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EDIT: Please note the following items:

The Mission Requirements for claiming the Grand or Second Place Prize include the following:

  • Landing – A team must land its craft on the surface of the Moon after providing advance notice of its launch and intended landing site to XPRIZE.

  • Mobility – After landing, a team must move its craft a distance of at least five hundred meters below, on, or above the lunar surface along an interesting path in a deliberate manner. The distance can be a straight line or may be a series of waypoints approved by the Judging Panel.

As in some games of pool, you have to indicate your intended landing area ahead of time. Your actual landing site should be close, and allow for an acceptable course of travel for your rover. If you are driving a lunarized Sand Flea maybe the second part is relatively easy. Otherwise, you don't want to end up at the bottom of a hole or wedged in a crevasse.


As I've said here there's no GPS on the moon. I am presuming the Lunar X Prize landers will start from an established lunar orbit (where they can get their bearing and wait for a final "Go" from Earth). This gives them time to receive any of various potential beacon and telemetry signals from Earth, and data from their cameras (e.g. Earth, Moon, Sun, Stars...)

But once descent has started, I am not sure which of these are still helpful, during attitude, and especially propulsive maneuvers.

I don't want to know about any competitive secrets, or "special sauce" that that various teams are counting on, but from a general perspective, what navigational information is likely to be useful for these small, limited budget, limited development, limited previous experience lunar landing craft?

If the Moon were a smooth sphere with a painted pattern on it, a nice landing might be done with some nice cameras. But the Moon has substantial topography - would they need to be ready to do a "Neal Armstrong" and look around for what looks like a good place to land? Or could they use a "rover-friendly" region map and have precise enough navigational data to put themselves down within a few meters or tens of meters of an absolute spot?

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    $\begingroup$ Even a modest modern computer could generate a decent 3D representation of the terrain from a camera on the way down. A stereo pair of cameras would be even better, but I suspect that even a cyclopean lander could identify a safely flat spot for a landing. $\endgroup$ – Russell Borogove Jan 27 '17 at 19:18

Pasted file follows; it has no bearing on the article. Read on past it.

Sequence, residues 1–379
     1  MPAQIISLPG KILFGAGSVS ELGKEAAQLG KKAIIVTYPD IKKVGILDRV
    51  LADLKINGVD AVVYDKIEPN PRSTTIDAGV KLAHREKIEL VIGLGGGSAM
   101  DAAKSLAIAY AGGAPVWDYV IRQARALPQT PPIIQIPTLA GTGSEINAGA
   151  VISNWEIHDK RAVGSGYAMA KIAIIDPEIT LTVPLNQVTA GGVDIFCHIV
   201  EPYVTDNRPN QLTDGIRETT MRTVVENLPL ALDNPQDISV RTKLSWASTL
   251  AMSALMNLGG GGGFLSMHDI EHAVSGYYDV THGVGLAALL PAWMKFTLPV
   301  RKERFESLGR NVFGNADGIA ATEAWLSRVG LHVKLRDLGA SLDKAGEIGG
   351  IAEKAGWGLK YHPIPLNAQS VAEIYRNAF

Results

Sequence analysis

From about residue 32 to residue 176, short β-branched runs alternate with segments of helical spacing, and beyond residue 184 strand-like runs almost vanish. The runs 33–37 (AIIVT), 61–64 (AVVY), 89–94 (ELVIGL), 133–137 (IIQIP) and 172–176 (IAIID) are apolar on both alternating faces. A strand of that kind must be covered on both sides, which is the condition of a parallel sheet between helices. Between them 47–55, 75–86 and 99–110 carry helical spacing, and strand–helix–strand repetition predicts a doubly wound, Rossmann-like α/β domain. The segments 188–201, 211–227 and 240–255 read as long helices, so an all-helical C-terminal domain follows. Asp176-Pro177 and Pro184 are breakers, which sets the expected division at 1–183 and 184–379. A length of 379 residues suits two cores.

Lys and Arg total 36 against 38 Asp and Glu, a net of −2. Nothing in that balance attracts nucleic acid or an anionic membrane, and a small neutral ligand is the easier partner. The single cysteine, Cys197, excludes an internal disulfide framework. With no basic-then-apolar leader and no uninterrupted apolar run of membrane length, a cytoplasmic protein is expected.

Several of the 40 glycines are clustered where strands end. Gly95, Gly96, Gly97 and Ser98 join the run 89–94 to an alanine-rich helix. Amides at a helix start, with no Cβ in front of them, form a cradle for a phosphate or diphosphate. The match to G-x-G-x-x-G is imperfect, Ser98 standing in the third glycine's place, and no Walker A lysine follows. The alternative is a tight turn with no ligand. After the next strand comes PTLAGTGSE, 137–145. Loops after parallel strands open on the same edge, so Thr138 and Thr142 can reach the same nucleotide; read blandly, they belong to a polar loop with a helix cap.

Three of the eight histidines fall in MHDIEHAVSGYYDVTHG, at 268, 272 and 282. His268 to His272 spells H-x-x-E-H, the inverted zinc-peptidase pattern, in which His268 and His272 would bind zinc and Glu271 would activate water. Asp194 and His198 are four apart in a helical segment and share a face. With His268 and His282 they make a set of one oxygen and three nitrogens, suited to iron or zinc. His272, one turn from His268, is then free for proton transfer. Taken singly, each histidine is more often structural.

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    $\begingroup$ It's also worth noting that Surveyor I landed safely on the moon with no particular ability to choose a landing site -- it preceded the Lunar Orbiter missions which provided photographs of potential landing sites for later Surveyors and Apollo. Even the later Surveyors had uncertainty ellipses measured in kilometers; those that made it to the surface all landed more or less safely. $\endgroup$ – Russell Borogove Jan 27 '17 at 19:40
  • $\begingroup$ @RussellBorogove I'm quite sure you are right about the hardware capability, but how hard would it be to develop it in a hurry, on a shoestring budget, with reliability to the extent you'd bet your X-prize on it working? Are they really going to do this as you've described? $\endgroup$ – uhoh Jan 27 '17 at 19:42
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    $\begingroup$ @RussellBorogove It would take more than two days just to build a model of the Moon's surface, and learn to light it properly. Shadows are often nearly black on the moon - terrain is quite varied, there's cliffs, giant boulders, I think you are underestimating the task of putting together a package that a descending spacecraft would need at only two days. $\endgroup$ – uhoh Jan 27 '17 at 19:59
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    $\begingroup$ There are software packages available to generate representative images that a visual based navigation module could be trained on, e.g. star-dundee.com/products/… $\endgroup$ – djr Jan 27 '17 at 22:23

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